Those Exotic Birds! by Martin Hagne

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Posted by Joyce Rhyne on 20 Jul 17 - 0 Comments
Male and Female House Sparrows

Male and Female House Sparrows

Most people have a pretty surprised reaction when they learn that not only are (almost all) birds protected by laws, but you can’t even pick up and take a feather you find on the ground. It’s one of those over protective laws that were created to make sure someone could not lie their way out of a fine. Almost all birds are protected by the Migratory Bird Treaty Act (MBTE), federal and state hunting regulations, or some other law like the Eagle Feather Law. There are very few exceptions but let’s talk about those in a bit.

Let’s say Bob is pulled over by the game warden. There is a dead owl laying in the bed of his pickup truck. Bob found it dead on the road and though he’d like to show it to his kids. Now comes the dilemma of how does the game warden prove that Bob didn’t shoot and kill the owl for the use of its feathers or to make a display mount of it. It’s going to be Bob’s word against the game warden. So the laws were made to not allow anyone (without both a state and federal permit) to keep a dead bird or any parts of it. Solves the issue.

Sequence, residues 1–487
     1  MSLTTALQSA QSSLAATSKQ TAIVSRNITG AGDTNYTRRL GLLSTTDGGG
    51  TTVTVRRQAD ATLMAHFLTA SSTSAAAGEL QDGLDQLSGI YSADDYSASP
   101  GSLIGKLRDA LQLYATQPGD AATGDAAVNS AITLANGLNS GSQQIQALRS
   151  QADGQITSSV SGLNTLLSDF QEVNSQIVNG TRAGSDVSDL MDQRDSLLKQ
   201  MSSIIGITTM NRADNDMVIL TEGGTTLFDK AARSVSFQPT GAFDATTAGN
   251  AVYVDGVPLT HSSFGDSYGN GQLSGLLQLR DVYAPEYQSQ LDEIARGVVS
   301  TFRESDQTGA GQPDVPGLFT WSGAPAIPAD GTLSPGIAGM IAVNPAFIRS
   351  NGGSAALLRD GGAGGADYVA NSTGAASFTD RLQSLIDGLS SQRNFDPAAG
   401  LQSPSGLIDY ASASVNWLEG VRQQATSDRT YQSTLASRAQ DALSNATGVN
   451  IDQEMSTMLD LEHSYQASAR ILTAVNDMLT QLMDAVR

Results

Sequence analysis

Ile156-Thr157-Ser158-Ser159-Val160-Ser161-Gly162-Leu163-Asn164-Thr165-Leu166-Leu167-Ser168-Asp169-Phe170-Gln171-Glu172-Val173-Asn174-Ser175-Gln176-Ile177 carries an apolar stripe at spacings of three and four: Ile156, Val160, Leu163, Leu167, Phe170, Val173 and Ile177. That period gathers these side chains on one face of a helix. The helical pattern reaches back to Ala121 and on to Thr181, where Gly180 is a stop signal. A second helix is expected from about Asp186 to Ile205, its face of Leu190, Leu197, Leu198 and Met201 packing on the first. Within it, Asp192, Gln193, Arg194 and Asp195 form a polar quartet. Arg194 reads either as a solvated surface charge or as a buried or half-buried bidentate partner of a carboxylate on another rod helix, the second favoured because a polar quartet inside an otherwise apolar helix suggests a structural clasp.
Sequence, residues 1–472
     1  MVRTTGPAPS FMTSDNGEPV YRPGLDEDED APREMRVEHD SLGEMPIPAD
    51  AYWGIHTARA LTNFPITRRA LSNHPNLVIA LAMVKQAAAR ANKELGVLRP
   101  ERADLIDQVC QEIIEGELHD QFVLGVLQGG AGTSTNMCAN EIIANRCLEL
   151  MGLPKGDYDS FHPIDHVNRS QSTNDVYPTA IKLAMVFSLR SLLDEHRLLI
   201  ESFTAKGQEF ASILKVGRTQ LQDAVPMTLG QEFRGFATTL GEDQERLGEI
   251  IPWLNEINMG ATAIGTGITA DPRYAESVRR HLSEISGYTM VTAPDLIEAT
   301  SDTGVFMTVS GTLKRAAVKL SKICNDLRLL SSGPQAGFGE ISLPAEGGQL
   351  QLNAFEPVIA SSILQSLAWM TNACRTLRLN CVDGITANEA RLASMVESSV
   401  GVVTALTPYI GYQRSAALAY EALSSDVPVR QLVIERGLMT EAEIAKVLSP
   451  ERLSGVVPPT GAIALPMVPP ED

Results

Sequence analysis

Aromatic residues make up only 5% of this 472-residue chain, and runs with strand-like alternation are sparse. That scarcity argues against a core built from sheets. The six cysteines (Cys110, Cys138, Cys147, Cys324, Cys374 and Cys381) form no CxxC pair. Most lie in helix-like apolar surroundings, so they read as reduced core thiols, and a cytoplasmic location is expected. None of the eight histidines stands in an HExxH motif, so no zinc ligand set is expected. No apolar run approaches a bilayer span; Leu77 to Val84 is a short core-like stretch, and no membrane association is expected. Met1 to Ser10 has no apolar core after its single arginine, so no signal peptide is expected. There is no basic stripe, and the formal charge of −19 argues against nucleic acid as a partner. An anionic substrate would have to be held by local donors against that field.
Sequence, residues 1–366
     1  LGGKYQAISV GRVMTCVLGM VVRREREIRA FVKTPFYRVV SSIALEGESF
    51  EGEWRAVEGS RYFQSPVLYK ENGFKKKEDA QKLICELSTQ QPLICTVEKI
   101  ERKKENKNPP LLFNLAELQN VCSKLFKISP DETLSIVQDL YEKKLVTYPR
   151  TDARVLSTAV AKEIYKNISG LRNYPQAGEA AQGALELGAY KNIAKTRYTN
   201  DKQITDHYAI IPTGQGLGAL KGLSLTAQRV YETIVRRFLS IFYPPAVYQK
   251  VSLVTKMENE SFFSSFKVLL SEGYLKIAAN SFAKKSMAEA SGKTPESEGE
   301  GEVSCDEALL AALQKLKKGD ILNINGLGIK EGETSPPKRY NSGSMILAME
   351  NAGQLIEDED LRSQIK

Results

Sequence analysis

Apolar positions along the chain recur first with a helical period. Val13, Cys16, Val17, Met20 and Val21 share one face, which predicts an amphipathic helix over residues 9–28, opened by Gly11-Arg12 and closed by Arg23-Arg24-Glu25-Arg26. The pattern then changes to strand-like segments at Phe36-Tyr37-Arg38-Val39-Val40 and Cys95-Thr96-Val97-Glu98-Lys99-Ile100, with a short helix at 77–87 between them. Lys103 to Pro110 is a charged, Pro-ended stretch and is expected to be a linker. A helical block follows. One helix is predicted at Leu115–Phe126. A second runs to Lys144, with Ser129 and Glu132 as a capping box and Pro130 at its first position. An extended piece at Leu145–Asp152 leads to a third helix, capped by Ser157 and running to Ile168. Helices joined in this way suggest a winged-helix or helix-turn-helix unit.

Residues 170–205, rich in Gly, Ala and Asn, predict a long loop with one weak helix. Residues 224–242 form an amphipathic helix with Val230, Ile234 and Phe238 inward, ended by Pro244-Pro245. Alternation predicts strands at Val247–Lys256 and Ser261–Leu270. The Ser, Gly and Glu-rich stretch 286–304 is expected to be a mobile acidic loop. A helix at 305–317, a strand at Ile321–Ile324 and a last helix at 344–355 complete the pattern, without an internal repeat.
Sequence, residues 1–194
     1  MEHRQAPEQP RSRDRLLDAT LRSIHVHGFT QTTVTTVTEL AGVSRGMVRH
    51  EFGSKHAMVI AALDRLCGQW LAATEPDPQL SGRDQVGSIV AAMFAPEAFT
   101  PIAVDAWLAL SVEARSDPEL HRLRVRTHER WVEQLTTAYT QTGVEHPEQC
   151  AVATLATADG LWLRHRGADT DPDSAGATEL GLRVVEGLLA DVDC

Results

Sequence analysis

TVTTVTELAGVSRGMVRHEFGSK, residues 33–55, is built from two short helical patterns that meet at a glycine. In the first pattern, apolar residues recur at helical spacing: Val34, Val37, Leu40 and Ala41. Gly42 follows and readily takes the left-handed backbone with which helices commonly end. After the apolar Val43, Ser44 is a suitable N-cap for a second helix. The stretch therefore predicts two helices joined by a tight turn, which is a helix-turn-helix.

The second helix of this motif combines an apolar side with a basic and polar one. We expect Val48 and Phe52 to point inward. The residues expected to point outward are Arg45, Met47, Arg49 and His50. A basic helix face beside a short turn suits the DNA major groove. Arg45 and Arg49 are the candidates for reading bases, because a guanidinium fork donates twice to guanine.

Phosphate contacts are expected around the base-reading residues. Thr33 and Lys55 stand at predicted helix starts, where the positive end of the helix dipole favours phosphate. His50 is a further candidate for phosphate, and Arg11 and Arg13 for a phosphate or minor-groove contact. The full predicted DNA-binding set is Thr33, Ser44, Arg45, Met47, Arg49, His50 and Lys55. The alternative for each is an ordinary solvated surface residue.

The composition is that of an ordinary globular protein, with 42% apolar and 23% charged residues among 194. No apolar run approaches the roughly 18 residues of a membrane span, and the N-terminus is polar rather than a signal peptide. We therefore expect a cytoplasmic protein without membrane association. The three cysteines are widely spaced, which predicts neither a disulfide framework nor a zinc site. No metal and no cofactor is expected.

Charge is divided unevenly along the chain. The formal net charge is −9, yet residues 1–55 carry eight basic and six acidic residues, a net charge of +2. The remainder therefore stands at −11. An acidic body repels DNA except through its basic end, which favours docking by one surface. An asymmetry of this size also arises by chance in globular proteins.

The description of the MBTA goes as far as stating: “The statute makes it unlawful (without a waiver) to pursue, harass, hunt, take, capture, kill or sell birds listed therein. The statute does not discriminate between live or dead birds, and also grants full protection to any bird parts including feathers, as well as eggs and nests.” That pretty much covers it all!

So are there any birds not covered by these laws? Only a very few. They are the birds that are considered to be exotic introductions that have established themselves here in the wild. They include the House Sparrow, the European Starling, and the Rock Pigeon. All of these were brought from Europe by English colonists at some point in the 17th century. When the colonists arrived here some missed having a few of their bird species from home, and brought over cages full of them and let them go. From there they slowly spread across the whole continent.

Today the House Sparrows are doing better here than they are back in Europe where they have been declining in numbers for years. Both the House Sparrow and the European Starling have populated this continent in huge numbers and are a threat to native birds such as the Purple Martins whose young they kill and then take over their nests. Rock Pigeons may not be as big of a threat to other species, but are well known for the “whitewash” they decorate our city statues with! When we meddle with nature, we don’t normally do well.

Martin Hagne is the Executive Director of the Gulf Coast Bird Observatory. The GCBO is a non-profit organization dedicated to saving the birds and their habitats along the entire Gulf Coast, and beyond into their Central and South America wintering grounds.

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